Minoosh Delivery (Leg 8: A long day on the Saint John River)
30 July 2013 | Saint John River, New Brunswick
James/Sunny and Nice!
The day began with a 3:45 am wake up, quick shower, and jump into the van with the trailer for Minoosh attached and ready to go.
Ryan was in Waverley, and was ready to go as well. He opened the side door to the van, looked at the cushy bed in the back, and crashed there.
Roughly 4 hours of driving later, we were in front of the Seamasters shop getting our outboard motor and buying a new dinghy for Amanda. We still had to get the new motor mount on the boat, get the motor back on, buy fuel, and get on the road.
There were some minor delays, but we got going by 11:00, about an hour later than I had hoped, but still early enough that we thought we could knock off the trip in one day.
Motoring upriver with Amanda and Ryan, enjoying the scenic views and sunny weather. It was almost too humid, and looked like thundershowers might form later in the day.
Around 4, 5 hours of motoring upriver, Amanda called Tim to check on his schedule. The plan was that A and I would jump ship, get Tim to drive us back to Saint John to pick up the van and her car and get them ahead of us to Fredricton, while Ryan was tasked with motoring on to Gagetown.
It took much longer than I figured to hook up with Tim, move the cars and get the trailer into the Fredericton Yacht club. Almost 4 hours. Meanwhile, Ryan was wondering about where we would meet him. With lousy cell phone reception, and having left the Nexus 7 in the van, he didn't have great navigation options.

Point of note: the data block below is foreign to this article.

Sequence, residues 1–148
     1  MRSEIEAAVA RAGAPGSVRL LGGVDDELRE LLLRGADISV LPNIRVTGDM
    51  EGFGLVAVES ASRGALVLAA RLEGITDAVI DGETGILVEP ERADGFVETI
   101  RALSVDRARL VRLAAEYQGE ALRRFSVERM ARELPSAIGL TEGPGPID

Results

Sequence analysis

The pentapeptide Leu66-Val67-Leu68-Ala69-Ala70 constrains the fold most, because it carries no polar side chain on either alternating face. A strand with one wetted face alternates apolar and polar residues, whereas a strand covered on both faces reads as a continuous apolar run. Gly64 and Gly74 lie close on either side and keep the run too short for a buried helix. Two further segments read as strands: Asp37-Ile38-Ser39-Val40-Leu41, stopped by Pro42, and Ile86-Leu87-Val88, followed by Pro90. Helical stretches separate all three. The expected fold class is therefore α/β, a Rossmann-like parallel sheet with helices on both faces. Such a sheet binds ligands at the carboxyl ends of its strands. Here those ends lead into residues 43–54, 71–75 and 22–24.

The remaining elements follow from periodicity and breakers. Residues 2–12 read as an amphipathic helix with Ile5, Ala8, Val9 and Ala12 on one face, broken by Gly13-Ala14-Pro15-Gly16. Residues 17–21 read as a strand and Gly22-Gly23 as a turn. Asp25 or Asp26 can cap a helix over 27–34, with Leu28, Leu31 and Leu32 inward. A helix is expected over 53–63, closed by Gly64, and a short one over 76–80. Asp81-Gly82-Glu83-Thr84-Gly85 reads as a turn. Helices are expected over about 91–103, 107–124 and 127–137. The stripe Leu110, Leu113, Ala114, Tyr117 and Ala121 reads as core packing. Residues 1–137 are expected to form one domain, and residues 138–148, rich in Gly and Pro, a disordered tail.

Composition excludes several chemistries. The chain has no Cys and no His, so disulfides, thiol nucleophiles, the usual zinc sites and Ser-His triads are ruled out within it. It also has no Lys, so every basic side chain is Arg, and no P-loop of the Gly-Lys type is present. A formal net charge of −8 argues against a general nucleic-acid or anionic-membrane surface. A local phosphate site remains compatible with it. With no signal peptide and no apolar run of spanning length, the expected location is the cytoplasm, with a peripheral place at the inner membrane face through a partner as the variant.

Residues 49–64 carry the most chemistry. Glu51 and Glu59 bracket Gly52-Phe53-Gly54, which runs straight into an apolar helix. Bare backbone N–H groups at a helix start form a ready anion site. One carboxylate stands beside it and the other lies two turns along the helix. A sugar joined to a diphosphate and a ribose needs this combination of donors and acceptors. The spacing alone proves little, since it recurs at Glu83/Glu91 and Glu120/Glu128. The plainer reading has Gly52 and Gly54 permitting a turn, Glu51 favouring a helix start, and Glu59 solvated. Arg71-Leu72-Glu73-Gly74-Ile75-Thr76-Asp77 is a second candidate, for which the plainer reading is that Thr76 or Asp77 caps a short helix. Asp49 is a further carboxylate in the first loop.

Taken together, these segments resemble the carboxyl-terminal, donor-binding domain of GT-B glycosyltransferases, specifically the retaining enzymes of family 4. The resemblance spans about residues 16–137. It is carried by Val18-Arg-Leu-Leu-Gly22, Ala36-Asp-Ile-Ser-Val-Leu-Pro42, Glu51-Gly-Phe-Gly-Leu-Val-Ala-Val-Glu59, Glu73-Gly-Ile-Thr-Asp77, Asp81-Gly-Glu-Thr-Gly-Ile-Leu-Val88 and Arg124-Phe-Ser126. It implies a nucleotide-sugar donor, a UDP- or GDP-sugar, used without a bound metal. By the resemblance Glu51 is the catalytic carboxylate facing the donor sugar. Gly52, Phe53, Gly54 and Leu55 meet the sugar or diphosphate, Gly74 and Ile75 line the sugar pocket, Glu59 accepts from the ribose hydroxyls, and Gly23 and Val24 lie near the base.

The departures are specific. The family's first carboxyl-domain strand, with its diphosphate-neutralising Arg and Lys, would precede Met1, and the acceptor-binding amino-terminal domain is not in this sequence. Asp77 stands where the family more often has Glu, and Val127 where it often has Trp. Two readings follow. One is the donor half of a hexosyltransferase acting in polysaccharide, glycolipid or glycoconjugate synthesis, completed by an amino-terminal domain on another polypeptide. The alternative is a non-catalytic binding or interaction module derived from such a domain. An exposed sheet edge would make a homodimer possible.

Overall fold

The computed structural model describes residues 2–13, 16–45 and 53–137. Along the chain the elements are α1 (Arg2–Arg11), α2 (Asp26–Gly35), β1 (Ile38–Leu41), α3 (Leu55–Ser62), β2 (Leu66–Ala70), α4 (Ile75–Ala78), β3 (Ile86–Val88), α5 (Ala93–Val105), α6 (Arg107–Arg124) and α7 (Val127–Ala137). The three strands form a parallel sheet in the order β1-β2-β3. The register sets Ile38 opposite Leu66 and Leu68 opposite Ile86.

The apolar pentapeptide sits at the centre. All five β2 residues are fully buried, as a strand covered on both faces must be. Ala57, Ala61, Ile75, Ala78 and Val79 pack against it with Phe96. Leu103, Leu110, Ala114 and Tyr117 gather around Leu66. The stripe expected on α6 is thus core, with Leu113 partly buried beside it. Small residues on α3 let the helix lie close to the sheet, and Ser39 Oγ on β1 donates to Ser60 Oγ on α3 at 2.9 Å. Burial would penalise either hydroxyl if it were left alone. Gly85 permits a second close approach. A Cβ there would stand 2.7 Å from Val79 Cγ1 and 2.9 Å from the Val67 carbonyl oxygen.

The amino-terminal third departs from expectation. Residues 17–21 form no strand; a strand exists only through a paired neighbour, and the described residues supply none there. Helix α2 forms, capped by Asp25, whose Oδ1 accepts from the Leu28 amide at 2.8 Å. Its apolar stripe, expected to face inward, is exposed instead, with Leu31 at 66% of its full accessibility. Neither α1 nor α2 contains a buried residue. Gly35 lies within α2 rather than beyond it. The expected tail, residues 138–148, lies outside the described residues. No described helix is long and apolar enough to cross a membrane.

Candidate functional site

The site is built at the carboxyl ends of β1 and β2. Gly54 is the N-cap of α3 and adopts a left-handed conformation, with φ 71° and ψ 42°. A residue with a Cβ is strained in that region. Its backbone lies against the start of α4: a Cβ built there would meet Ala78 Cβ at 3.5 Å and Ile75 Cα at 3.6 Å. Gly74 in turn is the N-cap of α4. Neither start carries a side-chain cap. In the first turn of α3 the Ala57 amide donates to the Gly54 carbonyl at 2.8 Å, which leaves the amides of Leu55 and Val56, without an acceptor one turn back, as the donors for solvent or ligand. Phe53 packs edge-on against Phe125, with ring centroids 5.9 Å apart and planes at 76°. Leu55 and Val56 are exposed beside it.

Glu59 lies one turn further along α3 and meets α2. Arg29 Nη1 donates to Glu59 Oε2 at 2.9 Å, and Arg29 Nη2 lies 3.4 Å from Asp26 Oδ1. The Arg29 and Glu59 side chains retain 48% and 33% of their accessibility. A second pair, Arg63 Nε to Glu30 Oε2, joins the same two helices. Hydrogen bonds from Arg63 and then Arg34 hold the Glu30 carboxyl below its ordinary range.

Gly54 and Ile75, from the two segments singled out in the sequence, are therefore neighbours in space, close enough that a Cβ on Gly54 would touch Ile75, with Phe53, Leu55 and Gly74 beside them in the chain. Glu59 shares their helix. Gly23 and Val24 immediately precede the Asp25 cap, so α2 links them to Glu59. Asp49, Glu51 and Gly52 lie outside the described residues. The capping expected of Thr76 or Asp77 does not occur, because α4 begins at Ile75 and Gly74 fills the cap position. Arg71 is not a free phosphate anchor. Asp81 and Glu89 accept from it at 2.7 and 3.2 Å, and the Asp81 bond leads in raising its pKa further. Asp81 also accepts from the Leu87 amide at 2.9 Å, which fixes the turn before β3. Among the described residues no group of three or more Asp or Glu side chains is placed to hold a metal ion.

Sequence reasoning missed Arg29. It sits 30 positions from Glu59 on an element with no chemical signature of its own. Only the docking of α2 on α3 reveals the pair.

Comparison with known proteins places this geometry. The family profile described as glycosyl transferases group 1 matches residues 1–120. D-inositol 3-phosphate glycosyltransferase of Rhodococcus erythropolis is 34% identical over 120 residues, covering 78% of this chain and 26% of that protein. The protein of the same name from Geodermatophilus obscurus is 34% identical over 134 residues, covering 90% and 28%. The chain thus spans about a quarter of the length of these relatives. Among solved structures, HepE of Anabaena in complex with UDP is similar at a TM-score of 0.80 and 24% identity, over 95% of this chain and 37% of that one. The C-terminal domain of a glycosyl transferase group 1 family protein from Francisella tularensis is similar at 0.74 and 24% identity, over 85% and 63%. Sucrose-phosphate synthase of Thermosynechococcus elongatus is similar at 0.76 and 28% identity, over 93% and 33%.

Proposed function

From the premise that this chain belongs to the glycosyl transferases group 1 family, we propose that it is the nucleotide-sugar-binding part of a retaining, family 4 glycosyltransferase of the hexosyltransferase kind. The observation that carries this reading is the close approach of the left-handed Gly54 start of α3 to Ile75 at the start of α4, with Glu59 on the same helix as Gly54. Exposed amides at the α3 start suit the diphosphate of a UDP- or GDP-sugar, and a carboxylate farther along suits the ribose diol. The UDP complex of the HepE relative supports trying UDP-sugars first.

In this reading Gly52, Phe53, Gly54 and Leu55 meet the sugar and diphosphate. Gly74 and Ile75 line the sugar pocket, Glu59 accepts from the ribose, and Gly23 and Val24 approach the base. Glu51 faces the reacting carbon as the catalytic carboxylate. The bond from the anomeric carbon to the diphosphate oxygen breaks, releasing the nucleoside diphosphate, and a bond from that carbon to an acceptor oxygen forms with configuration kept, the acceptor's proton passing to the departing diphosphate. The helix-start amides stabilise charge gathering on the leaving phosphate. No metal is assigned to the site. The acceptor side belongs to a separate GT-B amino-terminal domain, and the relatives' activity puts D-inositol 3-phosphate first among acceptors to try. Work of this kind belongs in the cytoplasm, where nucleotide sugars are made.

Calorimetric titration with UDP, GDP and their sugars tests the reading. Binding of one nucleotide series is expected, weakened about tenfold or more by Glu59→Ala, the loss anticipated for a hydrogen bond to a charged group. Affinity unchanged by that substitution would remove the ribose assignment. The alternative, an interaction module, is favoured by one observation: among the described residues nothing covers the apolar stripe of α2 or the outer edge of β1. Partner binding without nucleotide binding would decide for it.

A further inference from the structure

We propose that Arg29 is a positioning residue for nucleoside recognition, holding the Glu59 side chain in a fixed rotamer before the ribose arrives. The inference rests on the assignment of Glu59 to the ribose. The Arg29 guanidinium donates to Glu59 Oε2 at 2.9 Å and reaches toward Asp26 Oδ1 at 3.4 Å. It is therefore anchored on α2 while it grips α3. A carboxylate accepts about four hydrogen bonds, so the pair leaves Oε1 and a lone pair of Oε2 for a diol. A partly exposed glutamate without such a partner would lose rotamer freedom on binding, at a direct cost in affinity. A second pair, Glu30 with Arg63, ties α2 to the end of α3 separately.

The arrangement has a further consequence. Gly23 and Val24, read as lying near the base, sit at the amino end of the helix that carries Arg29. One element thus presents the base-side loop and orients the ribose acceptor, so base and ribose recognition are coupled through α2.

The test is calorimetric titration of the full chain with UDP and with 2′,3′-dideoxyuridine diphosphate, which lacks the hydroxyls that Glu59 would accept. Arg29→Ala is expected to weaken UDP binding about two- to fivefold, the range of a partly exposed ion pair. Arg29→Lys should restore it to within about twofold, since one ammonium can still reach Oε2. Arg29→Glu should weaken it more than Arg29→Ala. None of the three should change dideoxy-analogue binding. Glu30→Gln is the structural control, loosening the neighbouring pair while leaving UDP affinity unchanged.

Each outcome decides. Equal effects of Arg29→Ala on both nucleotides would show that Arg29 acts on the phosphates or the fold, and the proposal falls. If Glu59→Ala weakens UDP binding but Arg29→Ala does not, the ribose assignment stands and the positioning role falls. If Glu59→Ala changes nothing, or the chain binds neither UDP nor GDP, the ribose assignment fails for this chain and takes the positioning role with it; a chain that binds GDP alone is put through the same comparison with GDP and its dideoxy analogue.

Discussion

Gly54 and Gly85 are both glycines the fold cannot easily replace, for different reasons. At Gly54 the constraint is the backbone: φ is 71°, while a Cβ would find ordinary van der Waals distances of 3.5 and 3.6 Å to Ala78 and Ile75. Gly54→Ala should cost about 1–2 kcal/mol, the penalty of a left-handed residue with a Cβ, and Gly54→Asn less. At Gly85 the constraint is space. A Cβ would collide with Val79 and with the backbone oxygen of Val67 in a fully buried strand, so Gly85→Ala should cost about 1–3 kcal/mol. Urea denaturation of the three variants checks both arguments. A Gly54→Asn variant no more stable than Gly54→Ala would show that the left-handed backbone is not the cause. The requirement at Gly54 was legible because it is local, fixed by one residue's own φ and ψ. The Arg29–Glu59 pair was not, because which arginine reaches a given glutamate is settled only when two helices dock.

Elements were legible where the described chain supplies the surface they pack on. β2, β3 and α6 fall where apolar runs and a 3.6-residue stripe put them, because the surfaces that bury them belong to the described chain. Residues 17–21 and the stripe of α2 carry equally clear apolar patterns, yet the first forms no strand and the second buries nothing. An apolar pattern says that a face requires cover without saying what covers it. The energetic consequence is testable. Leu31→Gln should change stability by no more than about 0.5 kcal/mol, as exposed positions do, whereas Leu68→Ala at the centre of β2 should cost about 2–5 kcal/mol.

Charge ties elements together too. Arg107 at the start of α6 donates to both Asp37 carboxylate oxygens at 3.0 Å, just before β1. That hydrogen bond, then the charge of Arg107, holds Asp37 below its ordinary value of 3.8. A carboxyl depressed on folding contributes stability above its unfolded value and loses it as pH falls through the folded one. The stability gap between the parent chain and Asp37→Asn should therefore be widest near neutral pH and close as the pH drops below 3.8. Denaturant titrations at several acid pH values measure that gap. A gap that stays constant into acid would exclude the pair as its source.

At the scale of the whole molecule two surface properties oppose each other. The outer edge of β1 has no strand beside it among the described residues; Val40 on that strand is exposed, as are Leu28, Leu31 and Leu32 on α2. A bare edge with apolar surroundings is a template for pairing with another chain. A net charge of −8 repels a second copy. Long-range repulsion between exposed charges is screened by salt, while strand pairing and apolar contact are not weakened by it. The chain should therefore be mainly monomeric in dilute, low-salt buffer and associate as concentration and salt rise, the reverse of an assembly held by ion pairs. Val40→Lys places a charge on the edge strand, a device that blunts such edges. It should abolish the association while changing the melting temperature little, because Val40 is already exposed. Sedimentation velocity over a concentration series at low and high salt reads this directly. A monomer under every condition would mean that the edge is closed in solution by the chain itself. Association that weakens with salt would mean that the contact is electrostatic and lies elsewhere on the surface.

We met up again in Gagetown Village around 8:30. He had grabbed a mooring ball earlier and come ashore with the dinghy. His spirits were down. "I'd be happy to burn that boat" he grumbled.
Wanting to make time, we had burgers and fries on the run, getting set up and motoring again, hoping that we would have enough fuel to make the final run to Fredericton.
It was soon very dark, and running up the channel from Gagetown, the main hazard was me running into pretty much any navigation marker I could find. Ryan decided to head to the bow and serve as lookout.
We got back into the main river system, and were making good speed over ground, with the big trans-Canada highway bridge looking like some kind of gateway from a video game. We skirted under it at low speed, reasonably sure our mast would clear, but not being able to check made it a little nervy.
Once through the gate, things turned magic. The skies were cloudless, the river was absolutely mirror, and the stars were glorious. It has been a long time since I have been fortunate enough to see the milky way stretch all across the sky, and finding constellations was more difficult because there were so many more stars than I can usually see.
Ryan came back to the cockpit and cursed, "You bastard, now my opinion of sailing has turned back again. This is magnificent!" We both marvelled at the night sky, and had a good long chat about life, the huge mysteries of the universe, and of course, other mysteries.
It was another 3 hours of motoring up the river until we got to Fredericton, with both of us taking turns on the tiller. We crept into the marina area, stole the first mooring ball we could find, gathered our gear and said our goodbyes to Minoosh.
Rowing the dinghy to shore like stealthy ninjas, we had to find a way out of the locked compound of the FYC. I chose to trudge loudly through the woods to get around the fence, as it ended about 10 meters in, while Ryan chose to "hop" over the barbed wire section. Neither one of us were terribly ninja in that action.
So, the van settled into a routine drive, making astounding time returning to a place that had taken us 7 days of hard sailing and many adventures to complete by sailboat.
I can barely remember anything remarkable about the journey home by car. I can remember everything about the epic trip by sail.
I think there is a lesson there.